By Steve Tongue

LONDON, Sept 21 (Reuters) - New UEFA president Aleksander Ceferin believes London is the perfect choice to stage the climax to Euro 2020 after 12 other cities across the continent host earlier matches, he said on Wednesday. Under the controversial format being used for the tournament's 60th anniversary, those cities will stage four games each with the semi-finals and final at Wembley in the English capital.

Before being elected last week, Ceferin had said the plan was a risk and would be difficult for traveling fans. In his first official engagement since the election, at the launch of the London logo in a ceremony that will be replicated in the other host cities, the Slovenian lawyer suggested the format would be for one tournament only. "I'm delighted to be in England, the home of football, the country that gave football to the world," Ceferin told an audience including delegates from all 13 hosting football associations and England manager Sam Allardyce. "The tournament will be unique and memorable in a variety of ways.

England hosted the 1996 European Championship.

“Twenty four years after Euro 96, football will once again return to its mythical cradle," Ceferin said.

"London is a wonderful, vibrant multicultural city and an intense hotbed of football."

Ceferin said UEFA had a vision of commemorating the 60th anniversary of the European Championship in a true celebration of the game "we all love and cherish". "What better way could there be than to take the final tournament for one single occasion to all four corners of our continent?," he added. The 12 group venues are Amsterdam, Baku, Bilbao, Brussels, Bucharest, Budapest, Copenhagen, Dublin, Glasgow, Munich, Rome and St Petersburg.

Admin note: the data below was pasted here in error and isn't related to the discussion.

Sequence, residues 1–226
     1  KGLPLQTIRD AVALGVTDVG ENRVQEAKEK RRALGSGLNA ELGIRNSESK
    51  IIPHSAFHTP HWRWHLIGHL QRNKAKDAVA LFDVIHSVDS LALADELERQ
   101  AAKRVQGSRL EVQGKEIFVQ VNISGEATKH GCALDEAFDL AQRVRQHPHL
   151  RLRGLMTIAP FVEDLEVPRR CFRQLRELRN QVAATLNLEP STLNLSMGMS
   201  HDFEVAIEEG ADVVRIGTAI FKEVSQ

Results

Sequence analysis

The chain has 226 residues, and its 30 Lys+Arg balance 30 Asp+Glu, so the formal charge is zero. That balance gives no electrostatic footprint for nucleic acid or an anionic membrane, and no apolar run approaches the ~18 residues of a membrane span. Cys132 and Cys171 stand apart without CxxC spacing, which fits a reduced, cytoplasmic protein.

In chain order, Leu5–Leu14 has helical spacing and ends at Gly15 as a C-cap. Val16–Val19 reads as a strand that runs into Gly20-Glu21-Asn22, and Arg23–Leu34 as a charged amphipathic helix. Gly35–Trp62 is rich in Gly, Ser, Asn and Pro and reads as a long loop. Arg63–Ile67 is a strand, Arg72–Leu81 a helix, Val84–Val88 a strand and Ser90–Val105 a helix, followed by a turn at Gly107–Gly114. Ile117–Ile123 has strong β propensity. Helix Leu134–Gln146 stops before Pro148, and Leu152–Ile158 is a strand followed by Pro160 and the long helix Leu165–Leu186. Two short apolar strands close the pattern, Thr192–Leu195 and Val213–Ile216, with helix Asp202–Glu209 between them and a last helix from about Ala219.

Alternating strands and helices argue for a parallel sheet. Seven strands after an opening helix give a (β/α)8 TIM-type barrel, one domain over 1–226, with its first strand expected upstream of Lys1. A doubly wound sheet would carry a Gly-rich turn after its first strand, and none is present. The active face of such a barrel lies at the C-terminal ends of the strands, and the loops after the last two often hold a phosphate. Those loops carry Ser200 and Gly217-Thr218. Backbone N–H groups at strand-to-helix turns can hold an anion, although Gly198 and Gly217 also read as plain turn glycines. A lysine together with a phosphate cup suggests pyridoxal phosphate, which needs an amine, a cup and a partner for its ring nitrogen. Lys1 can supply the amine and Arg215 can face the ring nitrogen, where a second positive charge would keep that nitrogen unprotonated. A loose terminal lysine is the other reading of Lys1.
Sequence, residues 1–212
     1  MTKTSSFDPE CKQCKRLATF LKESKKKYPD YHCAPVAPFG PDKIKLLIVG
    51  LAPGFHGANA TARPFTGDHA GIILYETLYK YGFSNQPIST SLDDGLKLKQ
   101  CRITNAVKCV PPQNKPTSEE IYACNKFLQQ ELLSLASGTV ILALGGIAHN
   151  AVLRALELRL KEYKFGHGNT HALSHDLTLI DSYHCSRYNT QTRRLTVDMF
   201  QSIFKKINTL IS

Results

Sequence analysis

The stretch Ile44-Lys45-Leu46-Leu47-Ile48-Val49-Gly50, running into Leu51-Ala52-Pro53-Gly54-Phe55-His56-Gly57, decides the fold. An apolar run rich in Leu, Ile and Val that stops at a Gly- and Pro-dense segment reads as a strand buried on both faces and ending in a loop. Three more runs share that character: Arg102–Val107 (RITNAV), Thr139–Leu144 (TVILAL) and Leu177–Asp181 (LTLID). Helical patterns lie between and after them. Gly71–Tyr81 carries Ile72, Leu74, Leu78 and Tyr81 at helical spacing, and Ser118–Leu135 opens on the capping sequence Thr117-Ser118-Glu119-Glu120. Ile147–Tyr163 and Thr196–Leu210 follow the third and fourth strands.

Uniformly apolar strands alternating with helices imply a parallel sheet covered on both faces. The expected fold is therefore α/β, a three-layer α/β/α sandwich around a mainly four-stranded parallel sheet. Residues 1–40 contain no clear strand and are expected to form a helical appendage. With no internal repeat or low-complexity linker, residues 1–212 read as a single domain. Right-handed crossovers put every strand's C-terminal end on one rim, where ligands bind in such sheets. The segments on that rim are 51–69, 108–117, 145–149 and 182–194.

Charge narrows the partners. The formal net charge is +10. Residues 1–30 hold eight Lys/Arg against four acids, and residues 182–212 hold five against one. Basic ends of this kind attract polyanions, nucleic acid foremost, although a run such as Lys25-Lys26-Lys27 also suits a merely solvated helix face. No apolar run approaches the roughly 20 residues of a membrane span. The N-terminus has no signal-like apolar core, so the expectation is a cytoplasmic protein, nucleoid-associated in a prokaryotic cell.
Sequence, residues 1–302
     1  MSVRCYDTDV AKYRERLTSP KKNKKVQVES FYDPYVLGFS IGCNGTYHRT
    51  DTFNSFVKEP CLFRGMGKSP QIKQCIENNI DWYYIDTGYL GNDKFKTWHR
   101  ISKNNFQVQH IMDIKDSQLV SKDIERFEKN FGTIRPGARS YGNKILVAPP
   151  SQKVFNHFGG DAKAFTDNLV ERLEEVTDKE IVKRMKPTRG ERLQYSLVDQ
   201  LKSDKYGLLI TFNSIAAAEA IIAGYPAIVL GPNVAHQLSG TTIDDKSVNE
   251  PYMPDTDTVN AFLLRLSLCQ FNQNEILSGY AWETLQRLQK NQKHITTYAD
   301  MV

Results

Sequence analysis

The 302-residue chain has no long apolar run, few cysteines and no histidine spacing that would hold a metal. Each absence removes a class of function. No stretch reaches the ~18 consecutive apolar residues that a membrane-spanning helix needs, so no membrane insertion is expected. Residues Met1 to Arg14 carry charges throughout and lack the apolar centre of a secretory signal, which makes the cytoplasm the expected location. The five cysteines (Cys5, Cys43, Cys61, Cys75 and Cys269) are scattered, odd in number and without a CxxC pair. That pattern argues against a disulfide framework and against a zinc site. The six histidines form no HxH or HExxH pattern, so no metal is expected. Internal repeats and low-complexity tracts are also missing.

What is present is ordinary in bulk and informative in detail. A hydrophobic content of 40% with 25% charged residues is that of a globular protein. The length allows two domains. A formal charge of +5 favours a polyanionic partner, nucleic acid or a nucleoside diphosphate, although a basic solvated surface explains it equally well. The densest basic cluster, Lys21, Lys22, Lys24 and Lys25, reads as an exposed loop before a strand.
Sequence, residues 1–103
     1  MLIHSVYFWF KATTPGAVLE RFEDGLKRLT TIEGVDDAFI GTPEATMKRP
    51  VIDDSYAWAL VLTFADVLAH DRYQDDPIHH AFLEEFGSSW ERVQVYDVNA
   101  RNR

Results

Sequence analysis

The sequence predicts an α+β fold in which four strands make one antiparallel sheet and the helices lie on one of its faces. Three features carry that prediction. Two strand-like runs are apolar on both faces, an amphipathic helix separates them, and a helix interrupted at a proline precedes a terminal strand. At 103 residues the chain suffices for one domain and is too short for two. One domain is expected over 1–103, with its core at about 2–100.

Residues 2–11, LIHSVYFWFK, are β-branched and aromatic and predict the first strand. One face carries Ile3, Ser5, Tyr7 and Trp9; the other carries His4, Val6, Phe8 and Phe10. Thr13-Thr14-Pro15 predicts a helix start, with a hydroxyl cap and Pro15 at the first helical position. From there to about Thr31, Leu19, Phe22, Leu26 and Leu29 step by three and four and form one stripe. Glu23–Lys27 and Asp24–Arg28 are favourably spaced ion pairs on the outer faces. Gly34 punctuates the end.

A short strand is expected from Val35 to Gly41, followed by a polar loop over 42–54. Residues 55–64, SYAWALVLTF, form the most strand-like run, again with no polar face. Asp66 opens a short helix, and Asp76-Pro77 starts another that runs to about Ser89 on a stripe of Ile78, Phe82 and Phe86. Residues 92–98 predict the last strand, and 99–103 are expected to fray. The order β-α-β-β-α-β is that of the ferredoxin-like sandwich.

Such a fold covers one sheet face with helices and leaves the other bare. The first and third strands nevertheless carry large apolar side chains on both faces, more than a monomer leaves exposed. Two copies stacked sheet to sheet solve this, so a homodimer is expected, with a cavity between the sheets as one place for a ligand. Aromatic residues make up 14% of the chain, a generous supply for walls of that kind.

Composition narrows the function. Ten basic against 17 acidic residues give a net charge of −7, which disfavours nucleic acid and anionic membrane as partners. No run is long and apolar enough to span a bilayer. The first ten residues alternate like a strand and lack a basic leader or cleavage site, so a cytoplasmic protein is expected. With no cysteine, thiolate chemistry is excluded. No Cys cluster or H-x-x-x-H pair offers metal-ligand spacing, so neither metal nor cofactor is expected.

"Eight of the 13 host cities will be celebrating something they have never done before and might never have dreamed of doing," Ceferin added.

London Mayor Sadiq Khan said his city, which also staged the 2012 Olympic Games, was "renowned as one of the world's best hosts for major sporting events", adding that it had a fan base from almost every nation on earth.

In a reference to England's failure at the 2016 tournament, when they suffered an ignominious defeat by outsiders Iceland in the last 16, he added: "We'll keep our fingers crossed that Iceland's players are not as inspired this time."

(Editing by Ed Osmond)